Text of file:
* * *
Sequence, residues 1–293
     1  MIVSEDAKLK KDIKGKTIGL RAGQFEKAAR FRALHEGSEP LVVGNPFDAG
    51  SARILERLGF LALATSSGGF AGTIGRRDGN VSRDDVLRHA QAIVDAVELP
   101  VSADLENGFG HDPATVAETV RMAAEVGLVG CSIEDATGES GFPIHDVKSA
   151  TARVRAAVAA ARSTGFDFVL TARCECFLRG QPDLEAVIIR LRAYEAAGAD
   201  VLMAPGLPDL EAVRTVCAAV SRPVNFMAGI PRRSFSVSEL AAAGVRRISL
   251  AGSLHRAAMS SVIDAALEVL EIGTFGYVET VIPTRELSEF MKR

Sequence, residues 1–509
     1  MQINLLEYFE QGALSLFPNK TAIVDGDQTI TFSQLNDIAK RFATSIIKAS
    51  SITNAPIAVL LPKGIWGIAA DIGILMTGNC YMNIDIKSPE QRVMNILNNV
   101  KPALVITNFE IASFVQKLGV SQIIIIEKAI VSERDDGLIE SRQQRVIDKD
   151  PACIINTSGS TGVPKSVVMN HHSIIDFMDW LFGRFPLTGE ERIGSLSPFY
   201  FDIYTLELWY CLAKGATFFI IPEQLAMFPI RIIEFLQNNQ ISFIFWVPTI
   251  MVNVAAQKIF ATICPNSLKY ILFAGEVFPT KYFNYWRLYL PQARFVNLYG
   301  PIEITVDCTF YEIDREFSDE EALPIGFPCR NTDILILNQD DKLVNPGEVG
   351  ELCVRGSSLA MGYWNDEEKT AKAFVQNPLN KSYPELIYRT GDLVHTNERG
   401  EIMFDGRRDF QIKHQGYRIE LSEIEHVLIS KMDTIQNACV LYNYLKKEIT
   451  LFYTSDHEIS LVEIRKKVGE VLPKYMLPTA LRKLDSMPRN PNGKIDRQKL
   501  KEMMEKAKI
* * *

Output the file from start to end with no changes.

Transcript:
Sequence, residues 1–293
     1  MIVSEDAKLK KDIKGKTIGL RAGQFEKAAR FRALHEGSEP LVVGNPFDAG
    51  SARILERLGF LALATSSGGF AGTIGRRDGN VSRDDVLRHA QAIVDAVELP
   101  VSADLENGFG HDPATVAETV RMAAEVGLVG CSIEDATGES GFPIHDVKSA
   151  TARVRAAVAA ARSTGFDFVL TARCECFLRG QPDLEAVIIR LRAYEAAGAD
   201  VLMAPGLPDL EAVRTVCAAV SRPVNFMAGI PRRSFSVSEL AAAGVRRISL
   251  AGSLHRAAMS SVIDAALEVL EIGTFGYVET VIPTRELSEF MKR

Sequence, residues 1–509
     1  MQINLLEYFE QGALSLFPNK TAIVDGDQTI TFSQLNDIAK RFATSIIKAS
    51  SITNAPIAVL LPKGIWGIAA DIGILMTGNC YMNIDIKSPE QRVMNILNNV
   101  KPALVITNFE IASFVQKLGV SQIIIIEKAI VSERDDGLIE SRQQRVIDKD
   151  PACIINTSGS TGVPKSVVMN HHSIIDFMDW LFGRFPLTGE ERIGSLSPFY
   201  FDIYTLELWY CLAKGATFFI IPEQLAMFPI RIIEFLQNNQ ISFIFWVPTI
   251  MVNVAAQKIF ATICPNSLKY ILFAGEVFPT KYFNYWRLYL PQARFVNLYG
   301  PIEITVDCTF YEIDREFSDE EALPIGFPCR NTDILILNQD DKLVNPGEVG
   351  ELCVRGSSLA MGYWNDEEKT AKAFVQNPLN KSYPELIYRT GDLVHTNERG
   401  EIMFDGRRDF QIKHQGYRIE LSEIEHVLIS KMDTIQNACV LYNYLKKEIT
   451  LFYTSDHEIS LVEIRKKVGE VLPKYMLPTA LRKLDSMPRN PNGKIDRQKL
   501  KEMMEKAKI